Groups sue Chertoff over E-Verify

Several organizations have filed a lawsuit against Homeland Security Secretary Michael Chertoff that challenges the legality of requiring federal contractors and subcontractors to use the Homeland Security  Department's E-Verify system. The system's purpose is to identify people who are not legally eligible to work in the United States.

The organizations include the U.S. Chamber of Commerce, Associated Builders and Contractors, Society for Human Resource Management, American Council on International Personnel and the HR Policy Association.

According to the complaint, filed Dec. 23 in the U.S. District Court for Maryland's southern division, the legislation that created E-Verify does not allow the government to require contractors to participate in the program. The law, which is an amended version of the Illegal Immigration Reform and Immigrant Responsibility Act of 1996, identifies E-Verify as one of several pilot programs that contractors can choose to take part in, but they cannot be required to do so.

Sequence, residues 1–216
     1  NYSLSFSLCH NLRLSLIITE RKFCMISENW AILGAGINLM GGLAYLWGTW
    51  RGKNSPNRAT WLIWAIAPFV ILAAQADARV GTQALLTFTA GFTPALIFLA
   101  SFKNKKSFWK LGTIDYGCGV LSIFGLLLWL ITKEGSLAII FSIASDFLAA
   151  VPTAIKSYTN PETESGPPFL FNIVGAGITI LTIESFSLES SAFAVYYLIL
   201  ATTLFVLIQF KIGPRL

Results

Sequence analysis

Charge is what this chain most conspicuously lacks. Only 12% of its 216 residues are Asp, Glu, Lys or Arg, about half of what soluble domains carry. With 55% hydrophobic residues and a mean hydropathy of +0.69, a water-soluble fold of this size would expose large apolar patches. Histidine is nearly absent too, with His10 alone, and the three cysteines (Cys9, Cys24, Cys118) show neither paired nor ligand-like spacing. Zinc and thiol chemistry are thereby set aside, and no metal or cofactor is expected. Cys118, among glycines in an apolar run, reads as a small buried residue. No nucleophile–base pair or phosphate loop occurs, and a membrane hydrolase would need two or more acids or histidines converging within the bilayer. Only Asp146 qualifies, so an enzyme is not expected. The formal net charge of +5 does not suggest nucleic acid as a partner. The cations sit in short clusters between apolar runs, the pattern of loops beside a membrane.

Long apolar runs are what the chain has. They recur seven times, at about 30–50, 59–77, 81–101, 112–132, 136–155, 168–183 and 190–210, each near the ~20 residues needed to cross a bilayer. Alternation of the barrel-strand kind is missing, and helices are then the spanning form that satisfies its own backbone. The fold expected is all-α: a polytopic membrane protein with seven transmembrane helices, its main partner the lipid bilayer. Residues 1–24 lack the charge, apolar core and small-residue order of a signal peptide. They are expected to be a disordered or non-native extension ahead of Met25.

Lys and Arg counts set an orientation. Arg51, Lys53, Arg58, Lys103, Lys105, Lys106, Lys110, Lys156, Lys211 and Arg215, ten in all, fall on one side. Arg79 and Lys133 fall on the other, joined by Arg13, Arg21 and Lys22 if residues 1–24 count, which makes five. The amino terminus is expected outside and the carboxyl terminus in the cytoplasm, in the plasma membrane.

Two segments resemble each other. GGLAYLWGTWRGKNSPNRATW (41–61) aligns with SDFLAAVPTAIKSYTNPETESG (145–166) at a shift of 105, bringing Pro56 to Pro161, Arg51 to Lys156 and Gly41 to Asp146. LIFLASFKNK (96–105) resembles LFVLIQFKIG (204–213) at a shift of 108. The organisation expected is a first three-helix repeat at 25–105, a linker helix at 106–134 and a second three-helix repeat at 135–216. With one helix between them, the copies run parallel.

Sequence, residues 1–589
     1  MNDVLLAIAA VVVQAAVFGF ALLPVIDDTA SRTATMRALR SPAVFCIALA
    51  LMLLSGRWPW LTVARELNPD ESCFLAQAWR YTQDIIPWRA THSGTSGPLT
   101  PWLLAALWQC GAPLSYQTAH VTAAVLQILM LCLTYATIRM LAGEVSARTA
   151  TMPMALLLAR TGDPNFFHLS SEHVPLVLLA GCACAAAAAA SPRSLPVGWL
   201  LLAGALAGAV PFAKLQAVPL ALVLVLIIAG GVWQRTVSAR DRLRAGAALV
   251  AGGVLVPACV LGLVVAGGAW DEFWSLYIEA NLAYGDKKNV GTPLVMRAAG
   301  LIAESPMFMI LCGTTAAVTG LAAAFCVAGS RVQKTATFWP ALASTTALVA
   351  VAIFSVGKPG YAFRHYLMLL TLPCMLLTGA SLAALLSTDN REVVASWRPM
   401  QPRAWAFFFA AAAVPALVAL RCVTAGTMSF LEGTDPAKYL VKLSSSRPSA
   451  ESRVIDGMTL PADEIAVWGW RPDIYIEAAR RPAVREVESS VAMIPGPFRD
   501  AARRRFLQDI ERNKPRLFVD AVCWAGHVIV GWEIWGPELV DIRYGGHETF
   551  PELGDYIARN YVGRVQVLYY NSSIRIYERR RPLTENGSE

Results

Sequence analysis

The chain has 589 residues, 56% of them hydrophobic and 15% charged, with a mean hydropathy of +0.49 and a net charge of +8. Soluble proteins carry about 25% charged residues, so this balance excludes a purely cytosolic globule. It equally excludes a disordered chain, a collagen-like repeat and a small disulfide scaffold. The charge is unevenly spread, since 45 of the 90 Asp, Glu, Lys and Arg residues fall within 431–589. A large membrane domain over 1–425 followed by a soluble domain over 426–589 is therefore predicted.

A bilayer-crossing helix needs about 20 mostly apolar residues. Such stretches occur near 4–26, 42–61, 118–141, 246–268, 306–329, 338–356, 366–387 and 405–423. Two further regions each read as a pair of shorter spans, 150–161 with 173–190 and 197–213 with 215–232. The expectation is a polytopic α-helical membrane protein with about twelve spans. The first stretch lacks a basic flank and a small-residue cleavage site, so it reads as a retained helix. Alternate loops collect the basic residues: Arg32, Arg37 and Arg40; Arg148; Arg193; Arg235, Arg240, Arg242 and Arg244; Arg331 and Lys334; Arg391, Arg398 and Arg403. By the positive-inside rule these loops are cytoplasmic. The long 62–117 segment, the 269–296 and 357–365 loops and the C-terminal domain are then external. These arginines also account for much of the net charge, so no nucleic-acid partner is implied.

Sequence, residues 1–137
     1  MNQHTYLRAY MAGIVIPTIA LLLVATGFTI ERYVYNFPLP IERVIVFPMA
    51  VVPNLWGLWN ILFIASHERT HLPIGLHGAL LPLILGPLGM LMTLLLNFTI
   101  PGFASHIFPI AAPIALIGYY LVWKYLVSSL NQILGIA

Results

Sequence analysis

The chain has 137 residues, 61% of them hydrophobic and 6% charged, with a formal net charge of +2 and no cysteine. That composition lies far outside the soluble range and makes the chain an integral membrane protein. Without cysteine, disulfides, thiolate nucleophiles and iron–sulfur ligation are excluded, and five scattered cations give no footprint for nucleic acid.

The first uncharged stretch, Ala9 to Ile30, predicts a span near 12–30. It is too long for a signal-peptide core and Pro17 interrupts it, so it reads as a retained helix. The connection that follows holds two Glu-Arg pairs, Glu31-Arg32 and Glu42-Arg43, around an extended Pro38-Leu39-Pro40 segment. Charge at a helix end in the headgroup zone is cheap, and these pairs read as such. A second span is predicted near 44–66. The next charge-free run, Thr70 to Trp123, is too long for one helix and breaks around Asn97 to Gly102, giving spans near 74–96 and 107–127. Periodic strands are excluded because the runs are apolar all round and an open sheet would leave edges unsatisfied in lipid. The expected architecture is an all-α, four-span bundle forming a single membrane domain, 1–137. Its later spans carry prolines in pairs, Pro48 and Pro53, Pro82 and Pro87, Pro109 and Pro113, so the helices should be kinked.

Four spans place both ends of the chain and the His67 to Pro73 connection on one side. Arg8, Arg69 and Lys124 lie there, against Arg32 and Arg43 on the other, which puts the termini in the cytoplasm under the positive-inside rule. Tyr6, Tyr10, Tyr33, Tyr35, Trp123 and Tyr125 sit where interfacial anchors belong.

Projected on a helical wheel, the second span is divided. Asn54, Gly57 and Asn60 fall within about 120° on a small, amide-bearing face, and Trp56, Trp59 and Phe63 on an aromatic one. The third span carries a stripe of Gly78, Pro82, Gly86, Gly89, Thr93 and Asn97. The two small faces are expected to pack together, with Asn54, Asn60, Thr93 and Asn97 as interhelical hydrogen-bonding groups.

However, President George W. Bush signed an executive order June 6 that changed the Federal Acquisition Regulation to require contractors and subcontractors to participate in E-Verify. The order is set to take effect Jan. 15, 2009.

Officials at the Information Technology Association of America also have concerns about the contractor requirements, but they chose not to sign with the plaintiffs. However, an ITAA spokeswoman said, "we will watch this challenge very closely [because] we believe this could delay the Jan. 15 implementation date."

A spokeswoman for U.S. Citizenship and Immigration Services, a DHS agency, declined to comment because the litigation is pending.
 

About the Authors


Technology journalist Michael Hardy is a former FCW editor.

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